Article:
Divorce – Is it time to end the blame game?

An opinion is emerging both in the media and across many in the legal profession of England and Wales that the present legal system for divorce, that actively encourages conflict and archaic notions of blame, should be abandoned imminently.

Presently, a party seeking divorce (also known as a Petitioner) must satisfy the Court that their marriage has broken down irretrievably by stating one of the following 5 facts:

  1. Adultery;
  2. Unreasonable Behaviour;
  3. Desertion;
  4. 2 years separation with consent; or
  5. 5 years separation with no consent required.

Research shows that nearly half of all divorces are now based on “unreasonable behaviour” and various examples of this must be cited to demonstrate that a marriage has irretrievably broken down.

Many legal practitioners advocate using deliberately mild examples of a respondent’s behaviour in the divorce petition but more often than not the exercise is seized as a mud- throwing opportunity where one spouse attributes fault to the other and so begins a “bidding war” of resentment and anger between the divorcing couple, the National Family Mediation (NFM) says.

In the recent Court of Appeal case of Owens v Owens [2017] EWCA Civ 182, although Lady Justice Hallet commented that she had reached her conclusion “with no enthusiasm whatsoever”, the three appeal judges dismissed the wife’s appeal to allow her to divorce her husband on the basis that the allegations about her husband were “insufficient” to amount to unreasonable behaviour.

Mrs Owens’ divorce petition stated incidents of Mr Owens’ so-called “unreasonable behaviour” such as criticising her in front of the housekeeper; making her pick up bits of cardboard in the garden; a row in an airport shop after a holiday; and “a silent meal in a local pub”.

The Court of Appeal upheld that these allegations were minor altercations of a kind to be expected in any marriage and, therefore, were not serious enough to warrant a divorce being permitted. As a result of the appeal judges’ decision and her husband’s refusal to consent to the break-up, Mrs Owens is now left trapped in a “loveless and desperately unhappy” marriage for 5 years.

The unfortunate reality is that if Mrs Owens had ramped up the allegations, been prepared to lay significant blame to her husband and manipulated the system, which would arguably have been nothing more than a charade, she may well have been given the green light by the courts to proceed with a divorce.

In the wake of the unusual (and some may say unfair) ruling in Owens last month, the united voice of the legal profession has been growing increasingly louder for the immediate need for law reform and the introduction of a long-overdue modern system of “no-fault divorce” that allows people to exit an unhappy marriage without having to wait for 2 years which requires the other parties’ consent or, worse still, 5 years.

Countries such as the USA and the Netherlands permit couples to divorce without allocating blame. So too does our closest jurisdictional neighbour, Scotland.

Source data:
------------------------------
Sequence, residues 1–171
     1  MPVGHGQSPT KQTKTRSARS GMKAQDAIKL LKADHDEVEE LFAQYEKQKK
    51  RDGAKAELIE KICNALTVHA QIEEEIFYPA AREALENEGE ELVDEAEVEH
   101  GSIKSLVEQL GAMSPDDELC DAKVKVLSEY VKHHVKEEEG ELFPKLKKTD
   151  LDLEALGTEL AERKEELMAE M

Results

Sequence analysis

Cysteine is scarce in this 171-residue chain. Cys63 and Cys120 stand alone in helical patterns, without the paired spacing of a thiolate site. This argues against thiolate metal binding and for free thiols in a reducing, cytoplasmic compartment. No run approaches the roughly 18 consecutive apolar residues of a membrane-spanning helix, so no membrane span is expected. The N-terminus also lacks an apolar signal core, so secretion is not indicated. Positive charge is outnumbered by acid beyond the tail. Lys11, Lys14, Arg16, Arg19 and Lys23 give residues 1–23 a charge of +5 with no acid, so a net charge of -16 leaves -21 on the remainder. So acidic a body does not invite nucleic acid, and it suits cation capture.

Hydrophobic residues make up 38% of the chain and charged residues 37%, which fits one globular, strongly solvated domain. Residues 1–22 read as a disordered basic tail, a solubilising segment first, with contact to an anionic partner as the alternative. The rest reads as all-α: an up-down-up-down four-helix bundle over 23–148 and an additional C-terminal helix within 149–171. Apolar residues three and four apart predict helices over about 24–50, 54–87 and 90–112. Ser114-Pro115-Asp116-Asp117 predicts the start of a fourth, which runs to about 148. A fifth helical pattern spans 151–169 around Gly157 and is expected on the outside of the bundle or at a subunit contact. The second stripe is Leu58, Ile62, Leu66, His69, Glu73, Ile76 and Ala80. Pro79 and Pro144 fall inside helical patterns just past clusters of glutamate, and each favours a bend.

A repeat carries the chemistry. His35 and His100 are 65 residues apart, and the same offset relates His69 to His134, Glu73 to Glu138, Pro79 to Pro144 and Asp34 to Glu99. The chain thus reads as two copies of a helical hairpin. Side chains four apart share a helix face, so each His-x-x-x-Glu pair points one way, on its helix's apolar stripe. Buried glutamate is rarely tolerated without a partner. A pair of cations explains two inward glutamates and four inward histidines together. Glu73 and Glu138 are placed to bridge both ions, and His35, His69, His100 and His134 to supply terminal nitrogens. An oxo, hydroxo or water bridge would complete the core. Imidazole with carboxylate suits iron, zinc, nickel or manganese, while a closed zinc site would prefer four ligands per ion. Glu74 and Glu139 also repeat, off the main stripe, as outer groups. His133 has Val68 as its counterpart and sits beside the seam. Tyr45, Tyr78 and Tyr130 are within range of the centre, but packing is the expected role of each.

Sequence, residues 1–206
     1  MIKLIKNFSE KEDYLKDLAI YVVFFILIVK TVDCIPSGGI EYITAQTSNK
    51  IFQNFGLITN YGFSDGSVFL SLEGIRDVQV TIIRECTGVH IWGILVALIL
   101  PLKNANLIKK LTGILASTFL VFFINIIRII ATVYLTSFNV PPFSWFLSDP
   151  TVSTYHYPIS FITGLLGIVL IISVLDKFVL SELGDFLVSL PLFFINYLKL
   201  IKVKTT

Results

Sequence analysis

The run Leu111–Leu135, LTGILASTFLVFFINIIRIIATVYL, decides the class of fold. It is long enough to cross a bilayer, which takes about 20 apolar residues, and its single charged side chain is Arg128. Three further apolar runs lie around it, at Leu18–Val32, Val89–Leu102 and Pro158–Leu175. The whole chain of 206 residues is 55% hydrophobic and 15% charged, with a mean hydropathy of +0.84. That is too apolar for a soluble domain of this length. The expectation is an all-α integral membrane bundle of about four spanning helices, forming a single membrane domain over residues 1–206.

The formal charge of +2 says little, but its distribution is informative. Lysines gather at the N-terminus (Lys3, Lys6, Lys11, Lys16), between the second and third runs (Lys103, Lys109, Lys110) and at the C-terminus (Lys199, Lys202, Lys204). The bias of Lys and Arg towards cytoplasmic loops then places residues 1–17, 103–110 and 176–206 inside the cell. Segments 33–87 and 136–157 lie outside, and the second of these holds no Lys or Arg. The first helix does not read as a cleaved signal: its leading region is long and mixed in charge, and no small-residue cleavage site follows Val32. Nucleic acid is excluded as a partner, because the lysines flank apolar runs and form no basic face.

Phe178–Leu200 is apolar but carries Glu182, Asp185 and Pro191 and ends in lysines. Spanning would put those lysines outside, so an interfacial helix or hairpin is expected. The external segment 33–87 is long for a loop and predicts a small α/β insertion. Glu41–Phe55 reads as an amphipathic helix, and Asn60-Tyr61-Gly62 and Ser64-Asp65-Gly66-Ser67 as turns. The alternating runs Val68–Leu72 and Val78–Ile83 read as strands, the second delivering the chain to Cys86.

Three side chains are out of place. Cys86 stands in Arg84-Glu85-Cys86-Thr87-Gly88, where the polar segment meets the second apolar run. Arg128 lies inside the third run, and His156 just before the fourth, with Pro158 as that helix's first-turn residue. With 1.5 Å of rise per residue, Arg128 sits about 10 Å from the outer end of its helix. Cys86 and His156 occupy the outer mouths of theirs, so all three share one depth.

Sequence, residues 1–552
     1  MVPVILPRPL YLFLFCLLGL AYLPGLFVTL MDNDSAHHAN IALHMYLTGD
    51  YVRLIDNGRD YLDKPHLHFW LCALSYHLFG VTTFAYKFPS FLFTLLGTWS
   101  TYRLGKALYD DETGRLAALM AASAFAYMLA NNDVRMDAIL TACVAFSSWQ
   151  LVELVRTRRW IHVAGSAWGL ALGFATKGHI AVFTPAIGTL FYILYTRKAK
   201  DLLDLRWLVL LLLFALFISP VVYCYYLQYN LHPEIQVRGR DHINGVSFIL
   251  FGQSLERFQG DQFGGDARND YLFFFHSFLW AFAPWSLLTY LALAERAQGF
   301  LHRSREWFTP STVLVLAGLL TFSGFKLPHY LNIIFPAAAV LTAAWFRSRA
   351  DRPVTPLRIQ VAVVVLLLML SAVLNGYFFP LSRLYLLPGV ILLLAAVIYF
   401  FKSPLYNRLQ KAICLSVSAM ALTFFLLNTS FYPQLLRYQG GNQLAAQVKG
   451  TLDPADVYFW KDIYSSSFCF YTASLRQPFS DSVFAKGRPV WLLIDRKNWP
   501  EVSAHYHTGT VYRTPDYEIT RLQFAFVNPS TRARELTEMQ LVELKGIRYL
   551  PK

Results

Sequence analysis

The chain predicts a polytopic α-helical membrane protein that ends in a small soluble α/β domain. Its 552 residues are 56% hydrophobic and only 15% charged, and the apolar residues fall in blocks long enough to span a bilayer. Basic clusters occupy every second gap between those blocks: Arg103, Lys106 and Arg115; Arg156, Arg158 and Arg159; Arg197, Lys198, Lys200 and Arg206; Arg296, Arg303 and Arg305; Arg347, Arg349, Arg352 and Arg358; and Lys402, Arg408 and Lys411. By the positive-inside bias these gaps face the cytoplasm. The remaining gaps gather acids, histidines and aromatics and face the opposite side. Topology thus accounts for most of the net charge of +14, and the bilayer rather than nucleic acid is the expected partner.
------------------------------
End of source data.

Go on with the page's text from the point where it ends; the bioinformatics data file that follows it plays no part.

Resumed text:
Research carried out by Professor Liz Trinder of the University of Exeter, who is leading a study which is funded by the Nuffield Foundation, purports to show that present divorce laws are needlessly painful, exacerbating bitterness and conflict between couples. “Spouses feel they have no alternative but to give inaccurate accounts of how their marriage broke down, stretching the truth to meet legal requirements.”

Despite the increasing evidence of the destructive nature of the current divorce requirements, not everyone is in favour of reform. Those who oppose a liberal shake-up of divorce laws argue that the institution of marriage should be preserved and supported. Their argument is that there is a significant risk of the divorce rate spiking and the traditional family model breaking down if it is perceived to be easier to get a divorce.

Clearly it is time that the legal process and the courts recognise that we operate in a modern society and that the Matrimonial Causes Act 1973 is fundamentally incompatible with the requirements and reality of life in the 21st Century.

Our present legal system in England and Wales relies on couples actively blaming one another for the demise of their relationship and then in the same breath expects them to sort out the division of assets and work together as parents to put their children first. It would be more conducive to eliminate the focus on who is to blame for the split and to have a law that helps couples to look forward rather than backwards.

In the words of the former Family High Court judge, Sir Paul Coleridge: “…it is time for government and parliament to stop dithering and confront this issue which was fully reformed and then shelved more than 20 years ago. All aspects of the law relating to our domestic relationships deserve proper and full review and reform now. There is no excuse for further delay when this area of law affects us all.”

This article was written by Anna Crayton, Trainee Solicitor within the Matrimonial Team led by Sofia Moussaoui.

 For more information on this or on any family law issues the matrimonial team can be contacted on 020 7408 8888 or [email protected]